• Corey Pennycuff graduated from Graham High School in 1998 with the intent to pursue music. Now Pennycuff is set to enter his second year as an assistant teaching professor of computer science at the University of Notre Dame. (Contributed photo)

From one keyboard to another

Grahamite Pennycuff discusses his journey from playing piano to computer programming

Corey Pennycuff graduated from Graham High School in 1998 with the intent to pursue music. Now Pennycuff is set to enter his second year as an Assistant Teaching Professor of Computer Science at the University of Notre Dame.

He pursued a music degree at Midwestern State in Wichita Falls and graduated with a bachelor’s in piano performance in 2011. However, while pursuing his degree, he worked via telecommute for a company in Dallas writing code.

“The way that I paid for my education was by being a freelance (computer) programmer,” Pennycuff said. “Programming was actually something I taught myself how to do back in high school. I had done it for fun and then one day I figured out that people will pay you to solve their problems.”

Pennycuff said while he was able to find out he loved teaching by teaching piano during the pursuit of his music degree, he realized he was not going to be able to pursue music as a career.

“I finally realized that I would be better off financially by doing computer programming as my main job and doing the music just because I enjoy it,” Pennycuff said. “I realized that my senior year, finishing up the music degree, but I went ahead and finished it and started taking computer sciences at Midwestern State University.”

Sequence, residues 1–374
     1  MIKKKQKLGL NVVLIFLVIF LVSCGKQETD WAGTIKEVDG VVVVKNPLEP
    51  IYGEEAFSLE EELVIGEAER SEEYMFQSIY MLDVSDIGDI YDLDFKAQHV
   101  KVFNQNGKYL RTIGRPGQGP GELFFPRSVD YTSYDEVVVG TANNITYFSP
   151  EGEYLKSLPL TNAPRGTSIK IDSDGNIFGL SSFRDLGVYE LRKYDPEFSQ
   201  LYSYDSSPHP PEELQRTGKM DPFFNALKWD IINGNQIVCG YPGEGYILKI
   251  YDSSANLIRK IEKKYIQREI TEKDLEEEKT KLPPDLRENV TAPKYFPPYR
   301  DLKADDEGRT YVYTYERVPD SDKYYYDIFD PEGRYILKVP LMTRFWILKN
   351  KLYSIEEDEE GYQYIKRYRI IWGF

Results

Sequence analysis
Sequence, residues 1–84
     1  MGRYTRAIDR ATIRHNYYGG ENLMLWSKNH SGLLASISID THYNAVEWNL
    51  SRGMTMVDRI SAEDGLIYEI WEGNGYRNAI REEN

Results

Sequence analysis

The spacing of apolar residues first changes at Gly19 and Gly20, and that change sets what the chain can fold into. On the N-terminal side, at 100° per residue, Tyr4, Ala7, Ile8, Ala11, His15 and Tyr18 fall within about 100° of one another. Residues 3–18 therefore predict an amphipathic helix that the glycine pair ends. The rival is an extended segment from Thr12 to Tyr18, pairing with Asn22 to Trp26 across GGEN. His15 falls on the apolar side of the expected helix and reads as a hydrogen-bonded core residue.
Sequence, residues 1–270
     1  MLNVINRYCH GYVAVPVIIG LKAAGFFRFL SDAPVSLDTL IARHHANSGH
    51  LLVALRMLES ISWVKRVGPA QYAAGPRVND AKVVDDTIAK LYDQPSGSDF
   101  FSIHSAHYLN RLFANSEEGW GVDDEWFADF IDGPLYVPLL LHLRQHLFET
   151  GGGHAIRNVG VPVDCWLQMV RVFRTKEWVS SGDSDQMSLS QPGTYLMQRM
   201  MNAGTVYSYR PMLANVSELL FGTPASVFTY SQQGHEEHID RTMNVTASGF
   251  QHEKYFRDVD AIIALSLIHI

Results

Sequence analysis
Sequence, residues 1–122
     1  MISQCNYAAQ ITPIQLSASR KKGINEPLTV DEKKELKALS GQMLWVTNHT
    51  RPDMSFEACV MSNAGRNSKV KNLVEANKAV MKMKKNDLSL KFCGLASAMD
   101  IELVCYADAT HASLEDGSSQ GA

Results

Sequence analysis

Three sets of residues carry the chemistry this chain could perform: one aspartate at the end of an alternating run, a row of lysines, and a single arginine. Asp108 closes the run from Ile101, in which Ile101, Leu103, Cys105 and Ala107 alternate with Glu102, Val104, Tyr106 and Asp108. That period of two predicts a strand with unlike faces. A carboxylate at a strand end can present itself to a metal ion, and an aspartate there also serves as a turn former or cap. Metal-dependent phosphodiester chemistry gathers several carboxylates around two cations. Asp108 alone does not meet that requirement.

During his senior year, Pennycuff approached Midwestern State University’s computer science program about pursuing an undergraduate degree in the course and they told him to pursue a master’s degree.

He pursued the degree with intention of becoming a computer programming teacher and graduated in 201. However, at the time computer programming was not in most school districts curriculum and he had to look toward the university level which requires a doctorate.

He applied to the University of Notre Dame to pursue that degree and was accepted. He would graduate in 2018 with his doctorate in computer science. While pursuing the doctorate, he got to teach his first class as an instructor of record in fall of 2017 and was hired by the university in the fall of 2018.

For the rest of the story, see the Saturday, July 6 edition of The Graham Leader.

The Graham Leader

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